Finally, it should be noted that this way of arranging the subject matter prevents the story from becoming too much centered on Rome. This might have been fine with earlier historians (e.g., to Livy), but in the second century, the provinces of the Roman empire were almost equals of Italy, and a Rome-centered narrative was no longer acceptable.
Although Appian uses a geographical division of his subject matter, the people whose subjection he describes are mentioned in chronological order. He places the various people who fought against Rome in the order in which they first made contact. Only Books 13-17 do not fit in this scheme: Romans fighting against Romans. These books are the first ones of the second half of the project, and this is no coincidence. In the first twelve books, Rome has conquered the world; now it, has to fight its most formidable opponent - itself.
The next four books continued this story: the war against the Egyptian queen Cleopatra VII Philopator was, of course, a civil war between the two leaders of the faction of Julius Caesar, Octavian and Marc Antony. In calling these books "the Egyptian war", Appian followed the official propaganda of Octavian. He treated the subject matter at great length -one sixth of the total Roman History-, not because he thought that the conquest of his own native country was important, but, on the contrary, because he understood that it was more than just another foreign war.
Like his younger colleague Cassius Dio, Appian rarely mentions his sources, and probably for the same reason: he does not follow one single source, but has checked more than one older text. His contemporary Arrian of Nicomedia did the same in his book on Alexander the Great: where his two main sources agreed, he accepted their story as the truth, mentioning divergences only when they seemed important. Ancient historians did not often check the sources of their sources (which meant a visit to an inaccessible archive, if there was an archive at all), but there is one instance where we can see Appian paraphrasing an original document (Marc Antony's funeral speech of Julius Caesar; text) and there are no doubt other instances, which we do not recognize.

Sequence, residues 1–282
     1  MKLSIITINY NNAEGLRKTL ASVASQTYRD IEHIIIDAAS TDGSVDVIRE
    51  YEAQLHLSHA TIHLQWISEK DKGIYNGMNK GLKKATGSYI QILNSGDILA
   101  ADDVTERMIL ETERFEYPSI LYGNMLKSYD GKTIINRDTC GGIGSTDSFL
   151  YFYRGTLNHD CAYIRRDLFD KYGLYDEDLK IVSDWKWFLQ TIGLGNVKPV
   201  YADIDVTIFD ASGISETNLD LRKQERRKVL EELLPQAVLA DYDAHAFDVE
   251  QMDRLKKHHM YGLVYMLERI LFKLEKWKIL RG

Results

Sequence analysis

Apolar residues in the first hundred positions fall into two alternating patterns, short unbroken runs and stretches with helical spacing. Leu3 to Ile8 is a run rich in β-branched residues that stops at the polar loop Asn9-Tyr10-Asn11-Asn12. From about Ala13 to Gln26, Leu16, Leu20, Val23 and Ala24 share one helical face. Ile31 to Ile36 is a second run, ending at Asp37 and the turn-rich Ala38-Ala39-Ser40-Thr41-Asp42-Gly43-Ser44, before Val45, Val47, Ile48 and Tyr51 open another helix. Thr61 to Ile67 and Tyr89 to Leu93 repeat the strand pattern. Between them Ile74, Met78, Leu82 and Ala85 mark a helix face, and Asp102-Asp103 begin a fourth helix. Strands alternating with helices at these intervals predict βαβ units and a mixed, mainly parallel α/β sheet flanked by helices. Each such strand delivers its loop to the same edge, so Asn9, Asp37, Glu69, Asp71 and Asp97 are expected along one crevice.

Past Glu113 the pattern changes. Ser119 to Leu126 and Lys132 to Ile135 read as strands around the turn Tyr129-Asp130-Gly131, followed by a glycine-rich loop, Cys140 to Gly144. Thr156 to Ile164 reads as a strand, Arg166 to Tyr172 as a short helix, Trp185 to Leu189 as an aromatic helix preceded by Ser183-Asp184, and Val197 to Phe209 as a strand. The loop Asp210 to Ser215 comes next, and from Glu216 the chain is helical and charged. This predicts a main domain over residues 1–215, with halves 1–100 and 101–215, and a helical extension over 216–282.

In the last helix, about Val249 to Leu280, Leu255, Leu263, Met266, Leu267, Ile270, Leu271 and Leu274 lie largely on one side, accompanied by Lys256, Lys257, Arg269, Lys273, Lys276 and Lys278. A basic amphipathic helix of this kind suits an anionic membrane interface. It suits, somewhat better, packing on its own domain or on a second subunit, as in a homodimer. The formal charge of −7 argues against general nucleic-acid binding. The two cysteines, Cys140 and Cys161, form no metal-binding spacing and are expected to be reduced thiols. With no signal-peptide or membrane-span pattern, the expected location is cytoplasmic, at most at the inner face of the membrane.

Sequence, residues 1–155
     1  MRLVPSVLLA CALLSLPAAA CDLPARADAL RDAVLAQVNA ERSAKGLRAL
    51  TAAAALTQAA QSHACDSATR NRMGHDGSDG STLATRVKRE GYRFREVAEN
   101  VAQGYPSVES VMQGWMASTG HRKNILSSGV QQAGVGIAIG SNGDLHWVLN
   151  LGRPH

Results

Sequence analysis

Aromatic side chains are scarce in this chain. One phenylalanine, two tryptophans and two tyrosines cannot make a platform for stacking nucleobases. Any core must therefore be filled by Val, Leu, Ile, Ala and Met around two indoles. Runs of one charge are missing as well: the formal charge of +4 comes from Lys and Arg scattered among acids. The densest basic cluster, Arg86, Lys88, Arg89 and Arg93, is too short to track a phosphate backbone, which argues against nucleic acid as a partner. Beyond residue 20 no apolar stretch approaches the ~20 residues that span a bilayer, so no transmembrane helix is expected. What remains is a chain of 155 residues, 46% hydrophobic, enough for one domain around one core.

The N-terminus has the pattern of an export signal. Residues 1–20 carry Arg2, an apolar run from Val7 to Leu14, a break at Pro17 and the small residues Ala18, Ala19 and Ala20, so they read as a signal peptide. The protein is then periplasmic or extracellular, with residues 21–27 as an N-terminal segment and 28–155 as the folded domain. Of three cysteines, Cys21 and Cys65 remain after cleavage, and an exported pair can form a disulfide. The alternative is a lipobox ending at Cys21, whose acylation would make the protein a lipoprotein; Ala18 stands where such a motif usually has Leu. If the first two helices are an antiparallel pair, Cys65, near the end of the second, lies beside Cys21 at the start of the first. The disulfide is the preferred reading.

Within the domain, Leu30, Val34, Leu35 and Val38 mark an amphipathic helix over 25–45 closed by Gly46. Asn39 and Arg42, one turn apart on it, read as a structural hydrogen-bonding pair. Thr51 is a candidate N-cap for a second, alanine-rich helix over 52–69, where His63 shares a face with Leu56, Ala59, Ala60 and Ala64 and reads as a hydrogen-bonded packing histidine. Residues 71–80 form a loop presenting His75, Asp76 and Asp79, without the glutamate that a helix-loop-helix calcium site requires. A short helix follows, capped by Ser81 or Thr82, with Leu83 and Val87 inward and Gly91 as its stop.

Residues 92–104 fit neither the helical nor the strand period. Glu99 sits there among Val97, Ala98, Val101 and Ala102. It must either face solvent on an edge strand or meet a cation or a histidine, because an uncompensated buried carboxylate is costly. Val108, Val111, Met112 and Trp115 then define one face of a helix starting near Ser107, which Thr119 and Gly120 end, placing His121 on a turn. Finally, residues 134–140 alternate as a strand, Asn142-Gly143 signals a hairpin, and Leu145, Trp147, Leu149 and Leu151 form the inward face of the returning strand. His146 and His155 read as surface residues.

Appian is a far better historian than most twentieth-century classicists
have been willing to accept. He identified good sources and used them with
due criticism (e.g., using the Commentaries on the Illyrian wars
by the emperor Augustus,
and complaining about their incompleteness). It must be stressed that he
is the only ancient author who recognized the social causes of the
Roman civil wars, for which Appian remains one of the most important sources.
He is also a fine writer, who can vividly describe events, and knows how
to evoke the smaller and larger tragedies that are history. He includes
nice digressions, has an eye for the better anecdote, and does not ignore
the interesting detail. Never has the stylistic device of repetition been
used more effectively than by Appian in his shocking account of the persecution
of the enemies of the Second
Triumvirate, which belongs to the finest that was ever written in Greek.
In other words, Appian falls short of no meaningful standard, except that
of the hyperprofessionalized study of history of our own age.